Data is the fuel of the new AI-based economy. Companies, consumers and web-connected devices create terabytes of data that enforce AI research and innovation. Some companies, like Google and Facebook, acquire data thanks to their users who provide ratings, clicks and search queries. For other companies, data acquisition may be a complicated process, especially if they need an enterprise solution for a limited number of members instead of a one-size-fits-all solution for millions of users. Luckily, the emerging AI markets offer a broad range of options for companies to kickstart their AI strategies. As a venture studio partner, I see startups struggling with sourcing the initial data sets for their business problems. That's why I've listed the most popular ways young companies can source data for their AI businesses.
Many startups can afford to be scrappy at the start and only have a few employees while gaining momentum; when your product is a connected device it is more difficult to build a small team with the range of skills needed to launch a successful product. Luckily, there are plenty of external resources available to these companies that can help. If a founding team is strong with hardware, they can use an agency in order to get their first software suite built. There are also services that they can leverage to help with the build and distribution chain. Any place where work can be offloaded in order to focus on value increases their chances of success. They can then start hiring out a team to save money once they have traction.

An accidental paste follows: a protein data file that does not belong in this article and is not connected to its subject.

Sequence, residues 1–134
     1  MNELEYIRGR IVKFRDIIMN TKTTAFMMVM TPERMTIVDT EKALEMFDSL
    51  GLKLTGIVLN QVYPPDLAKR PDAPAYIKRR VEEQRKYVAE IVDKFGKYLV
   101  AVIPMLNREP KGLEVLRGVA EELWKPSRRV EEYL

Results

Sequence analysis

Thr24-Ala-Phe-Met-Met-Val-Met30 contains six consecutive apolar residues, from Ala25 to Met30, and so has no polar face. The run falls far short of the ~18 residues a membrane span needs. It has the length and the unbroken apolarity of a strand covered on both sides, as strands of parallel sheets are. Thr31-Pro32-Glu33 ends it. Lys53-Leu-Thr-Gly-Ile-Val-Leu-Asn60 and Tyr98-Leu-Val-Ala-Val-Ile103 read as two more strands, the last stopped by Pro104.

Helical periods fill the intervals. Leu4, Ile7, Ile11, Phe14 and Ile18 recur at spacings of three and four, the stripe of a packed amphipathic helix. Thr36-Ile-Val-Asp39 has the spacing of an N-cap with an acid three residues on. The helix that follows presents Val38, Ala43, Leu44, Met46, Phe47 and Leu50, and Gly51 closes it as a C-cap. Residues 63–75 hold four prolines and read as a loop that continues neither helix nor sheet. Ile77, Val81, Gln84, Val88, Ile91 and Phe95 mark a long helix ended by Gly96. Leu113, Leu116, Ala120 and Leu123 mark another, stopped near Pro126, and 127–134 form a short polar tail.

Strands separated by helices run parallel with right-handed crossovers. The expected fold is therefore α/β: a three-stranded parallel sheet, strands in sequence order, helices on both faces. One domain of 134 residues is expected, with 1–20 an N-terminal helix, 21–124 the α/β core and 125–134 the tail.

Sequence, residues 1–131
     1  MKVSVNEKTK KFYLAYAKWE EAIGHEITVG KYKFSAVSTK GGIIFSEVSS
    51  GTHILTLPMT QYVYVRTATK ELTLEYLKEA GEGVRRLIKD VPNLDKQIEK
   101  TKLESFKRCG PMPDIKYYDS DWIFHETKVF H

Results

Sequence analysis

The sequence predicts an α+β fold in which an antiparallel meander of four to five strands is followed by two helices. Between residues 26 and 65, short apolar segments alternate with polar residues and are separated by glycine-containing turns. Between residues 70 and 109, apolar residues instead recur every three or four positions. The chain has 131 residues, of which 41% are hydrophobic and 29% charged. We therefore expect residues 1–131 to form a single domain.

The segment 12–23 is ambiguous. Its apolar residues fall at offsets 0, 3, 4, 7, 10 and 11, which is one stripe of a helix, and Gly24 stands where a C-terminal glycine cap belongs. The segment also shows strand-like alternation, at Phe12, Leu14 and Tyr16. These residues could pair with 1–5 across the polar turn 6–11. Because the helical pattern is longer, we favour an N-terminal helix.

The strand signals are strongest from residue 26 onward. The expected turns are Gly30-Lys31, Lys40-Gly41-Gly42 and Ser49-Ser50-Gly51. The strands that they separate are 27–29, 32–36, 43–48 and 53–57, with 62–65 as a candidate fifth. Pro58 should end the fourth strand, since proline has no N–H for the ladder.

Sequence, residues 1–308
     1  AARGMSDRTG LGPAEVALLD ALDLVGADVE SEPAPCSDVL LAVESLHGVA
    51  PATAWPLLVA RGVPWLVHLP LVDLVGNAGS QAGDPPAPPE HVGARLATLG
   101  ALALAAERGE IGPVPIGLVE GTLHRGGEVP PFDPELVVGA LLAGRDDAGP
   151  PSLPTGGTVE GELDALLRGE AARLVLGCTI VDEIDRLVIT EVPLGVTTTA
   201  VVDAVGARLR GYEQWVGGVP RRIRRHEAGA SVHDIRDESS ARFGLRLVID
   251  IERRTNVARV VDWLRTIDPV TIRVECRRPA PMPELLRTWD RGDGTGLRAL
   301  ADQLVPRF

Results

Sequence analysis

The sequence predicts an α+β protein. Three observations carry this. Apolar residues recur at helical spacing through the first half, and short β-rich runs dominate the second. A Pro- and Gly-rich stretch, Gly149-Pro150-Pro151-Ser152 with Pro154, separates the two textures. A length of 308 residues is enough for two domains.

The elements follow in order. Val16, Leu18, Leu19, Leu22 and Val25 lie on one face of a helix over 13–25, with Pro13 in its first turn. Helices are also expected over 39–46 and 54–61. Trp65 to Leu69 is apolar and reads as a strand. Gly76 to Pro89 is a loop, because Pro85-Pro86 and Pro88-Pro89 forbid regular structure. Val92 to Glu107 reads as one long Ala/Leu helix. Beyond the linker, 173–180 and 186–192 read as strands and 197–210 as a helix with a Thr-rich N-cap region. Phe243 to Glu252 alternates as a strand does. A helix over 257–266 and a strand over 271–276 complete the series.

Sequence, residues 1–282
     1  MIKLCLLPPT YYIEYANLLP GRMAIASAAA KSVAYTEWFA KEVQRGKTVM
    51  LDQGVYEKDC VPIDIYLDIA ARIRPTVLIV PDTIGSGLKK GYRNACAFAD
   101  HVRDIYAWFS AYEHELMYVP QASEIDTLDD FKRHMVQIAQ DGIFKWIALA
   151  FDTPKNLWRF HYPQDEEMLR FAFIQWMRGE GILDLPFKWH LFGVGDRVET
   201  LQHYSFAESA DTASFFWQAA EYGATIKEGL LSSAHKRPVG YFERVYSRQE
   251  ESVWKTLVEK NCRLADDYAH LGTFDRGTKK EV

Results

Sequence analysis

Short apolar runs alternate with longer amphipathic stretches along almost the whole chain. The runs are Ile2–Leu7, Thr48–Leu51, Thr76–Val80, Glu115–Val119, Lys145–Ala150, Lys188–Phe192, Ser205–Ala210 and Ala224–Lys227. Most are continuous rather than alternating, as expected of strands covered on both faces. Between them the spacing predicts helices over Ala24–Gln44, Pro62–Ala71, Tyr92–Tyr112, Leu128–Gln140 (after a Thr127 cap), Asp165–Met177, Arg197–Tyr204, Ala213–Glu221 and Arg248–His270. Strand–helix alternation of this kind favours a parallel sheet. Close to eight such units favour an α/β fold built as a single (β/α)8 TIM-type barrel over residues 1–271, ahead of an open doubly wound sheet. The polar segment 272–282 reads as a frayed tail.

The alliance says that the groups' open-source tools and property will help the enterprise register IoT devices and create event logs on decentralized systems, which in turn will lead to a trusted IoT ecosystem which links cryptographic registration, "thing" identities, and metadata ... "The world is beginning to recognize the potential of blockchain technology to fundamentally reshape the way business is done globally - and we're still just scratching the surface," said Ryan Orr, CEO of Chronicled. "At this early stage we think it's vitally important to establish an inclusive framework that ensures openness, trust, and interoperability among the many parties, in both the public and private sectors, that we believe will begin to adopt blockchain technology over the next several years."